I was lusting after some companies on the Outside Magazine 50 Best Companies to Work for list the other day and it gave me many flashbacks to my time in corporate pondering - what makes it great to work here (wherever "here" may be for you)?
There are best-of and top companies lists all over the place. From the best companies for working mothers to the 100 Best Companies to Work For according to Fortune Magazine. Then there are lists for every geographic location you can think of. So I got to thinking, what makes something best anyway? I don't mean how accurate are these lists. We opened a discussion and busted the myth of the best places to work lists a while back.I mean - how can you even know or make sweeping generalizations about what is best for me (or you, or you...)?
I can recall vividly each of the major companies I worked for during my corporate career. Each had its own varying degree of flexibility (or inflexibility as the case might be), unique benefits, and culture. Yet, you barely had to look as far as a cubicle nearby to find someone who didn't quite share the same opinon or needs as you did. So what then is best?
Working mothers want one thing. Women without children another. Athletes and outdoor adventurers something else. Some bosses want to discriminate against the working non-mother (oh you don't have a family, so you can work late or do something extra). No one will come right out and say that, but I know I experienced that firsthand. Like my non-child-related interests and obligations were some how second-class citizen there. Other arguments ensue about whether maternity and other leave is different when Bloomberg chose to treat new mothers and other leave-takers similarly. The list could go on...and lively opinions with it.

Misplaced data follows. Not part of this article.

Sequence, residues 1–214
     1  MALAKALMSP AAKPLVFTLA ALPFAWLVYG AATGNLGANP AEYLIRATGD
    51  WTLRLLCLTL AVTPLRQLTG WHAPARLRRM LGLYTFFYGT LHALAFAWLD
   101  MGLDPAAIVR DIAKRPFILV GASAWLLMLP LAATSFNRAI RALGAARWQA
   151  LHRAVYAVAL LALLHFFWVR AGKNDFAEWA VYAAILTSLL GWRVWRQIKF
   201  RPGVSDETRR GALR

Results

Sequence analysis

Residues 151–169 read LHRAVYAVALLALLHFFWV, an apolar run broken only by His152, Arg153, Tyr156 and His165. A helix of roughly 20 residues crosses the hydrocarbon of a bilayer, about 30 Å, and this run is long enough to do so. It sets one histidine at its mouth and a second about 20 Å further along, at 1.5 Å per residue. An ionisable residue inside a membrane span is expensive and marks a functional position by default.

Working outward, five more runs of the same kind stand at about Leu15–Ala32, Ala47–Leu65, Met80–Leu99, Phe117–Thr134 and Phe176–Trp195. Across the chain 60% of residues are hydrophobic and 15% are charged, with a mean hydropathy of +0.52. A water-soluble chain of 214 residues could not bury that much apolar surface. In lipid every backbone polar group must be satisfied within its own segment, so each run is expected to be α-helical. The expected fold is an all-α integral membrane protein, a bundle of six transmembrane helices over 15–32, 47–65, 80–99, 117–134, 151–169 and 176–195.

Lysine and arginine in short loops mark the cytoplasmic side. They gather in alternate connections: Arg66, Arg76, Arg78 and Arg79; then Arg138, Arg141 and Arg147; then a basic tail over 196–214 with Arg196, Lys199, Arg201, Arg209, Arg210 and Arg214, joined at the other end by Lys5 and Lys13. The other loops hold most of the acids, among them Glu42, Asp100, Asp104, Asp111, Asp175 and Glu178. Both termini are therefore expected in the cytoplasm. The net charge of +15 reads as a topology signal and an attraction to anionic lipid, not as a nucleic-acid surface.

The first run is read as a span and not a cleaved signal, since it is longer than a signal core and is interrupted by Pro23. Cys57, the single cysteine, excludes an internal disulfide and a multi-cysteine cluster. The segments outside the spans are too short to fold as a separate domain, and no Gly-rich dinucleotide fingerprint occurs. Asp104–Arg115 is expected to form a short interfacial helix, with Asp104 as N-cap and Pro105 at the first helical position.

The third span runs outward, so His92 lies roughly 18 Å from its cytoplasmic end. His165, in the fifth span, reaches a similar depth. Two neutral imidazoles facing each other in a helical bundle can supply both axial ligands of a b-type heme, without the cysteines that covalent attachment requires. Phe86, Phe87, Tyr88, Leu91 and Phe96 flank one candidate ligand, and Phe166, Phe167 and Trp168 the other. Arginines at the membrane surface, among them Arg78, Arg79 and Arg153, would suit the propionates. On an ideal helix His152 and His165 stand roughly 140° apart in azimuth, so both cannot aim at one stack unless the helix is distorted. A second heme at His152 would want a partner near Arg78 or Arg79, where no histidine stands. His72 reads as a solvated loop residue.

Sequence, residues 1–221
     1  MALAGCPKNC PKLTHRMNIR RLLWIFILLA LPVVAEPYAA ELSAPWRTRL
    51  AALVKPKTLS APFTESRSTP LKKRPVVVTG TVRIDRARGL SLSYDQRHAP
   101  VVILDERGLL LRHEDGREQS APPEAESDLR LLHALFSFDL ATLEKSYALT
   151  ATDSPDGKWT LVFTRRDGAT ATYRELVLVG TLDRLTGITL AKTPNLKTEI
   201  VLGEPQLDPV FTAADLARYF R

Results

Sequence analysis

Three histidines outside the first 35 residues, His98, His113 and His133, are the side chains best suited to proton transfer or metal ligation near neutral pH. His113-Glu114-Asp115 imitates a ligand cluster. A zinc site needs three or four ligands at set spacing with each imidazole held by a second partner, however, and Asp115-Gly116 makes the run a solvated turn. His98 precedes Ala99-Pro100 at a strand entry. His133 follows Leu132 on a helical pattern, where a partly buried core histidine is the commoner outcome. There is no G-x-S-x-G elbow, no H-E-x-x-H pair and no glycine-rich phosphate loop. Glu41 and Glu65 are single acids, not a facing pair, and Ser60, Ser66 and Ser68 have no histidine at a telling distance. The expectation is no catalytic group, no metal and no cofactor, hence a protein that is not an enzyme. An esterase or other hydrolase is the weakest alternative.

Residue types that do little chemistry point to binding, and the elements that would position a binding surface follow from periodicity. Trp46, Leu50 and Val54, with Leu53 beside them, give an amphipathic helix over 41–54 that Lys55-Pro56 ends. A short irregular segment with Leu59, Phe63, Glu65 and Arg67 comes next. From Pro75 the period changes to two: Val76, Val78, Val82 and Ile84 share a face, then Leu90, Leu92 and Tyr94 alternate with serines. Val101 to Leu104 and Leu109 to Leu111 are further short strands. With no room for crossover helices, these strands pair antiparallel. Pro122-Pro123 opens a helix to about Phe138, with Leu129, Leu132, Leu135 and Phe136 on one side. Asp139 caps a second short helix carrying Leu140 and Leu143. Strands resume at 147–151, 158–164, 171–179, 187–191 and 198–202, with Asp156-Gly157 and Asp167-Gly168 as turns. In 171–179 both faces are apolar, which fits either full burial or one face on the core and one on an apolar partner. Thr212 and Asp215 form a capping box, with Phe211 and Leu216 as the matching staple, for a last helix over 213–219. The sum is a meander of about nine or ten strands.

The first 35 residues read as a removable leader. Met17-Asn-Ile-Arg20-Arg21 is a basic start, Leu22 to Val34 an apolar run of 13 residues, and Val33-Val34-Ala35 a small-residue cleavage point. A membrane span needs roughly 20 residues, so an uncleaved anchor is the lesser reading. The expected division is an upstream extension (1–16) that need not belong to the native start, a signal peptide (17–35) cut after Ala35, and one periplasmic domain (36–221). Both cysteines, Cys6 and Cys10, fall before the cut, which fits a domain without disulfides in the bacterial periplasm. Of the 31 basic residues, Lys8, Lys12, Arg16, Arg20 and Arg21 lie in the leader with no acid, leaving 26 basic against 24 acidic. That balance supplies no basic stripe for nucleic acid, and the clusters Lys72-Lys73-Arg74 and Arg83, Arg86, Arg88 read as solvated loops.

Personally I would like to see all "best" lists banished to the media graveyard. My experience at a Human Rights Campaign (HRC) Corporate Equality Index perfect score company was not the same as the description in the glowing report (it wasn't negative, let's just say there still remained a culture of it being career advantageous to stay in the closet).
What I'd propose instead is plain old kindness. A willingness to base performance on results, not face time. The flexibility and diversity that an entrepreneurial mindset for all employees requires. A structure that plays to an individual's strengths, not a sweeping edict. And the radical notion that employees are human beings... we all are... and as Suze Orman would say - "people first, then money".
What has been your experience? Are the "best" really best? Are all employer/employee work arrangements fundamentally lacking in some way? Do your individual needs get met or are you being forced into a box?
Would love to hear your thoughts and stories in the comments.
Credit Image: teamstickergiant via Flickr
Paula Gregorowicz is owner of The Paula G Company and The Intuitive Intelligence™ Coach and helps you learn how to tune into and turn your intuitive knowing into practical action for better results in your career and business.
Download the Free Report: Your Own Uniqueness: The Path to Purpose, Prosperity, and Playfulness at http://www.thepaulagcompany.com.
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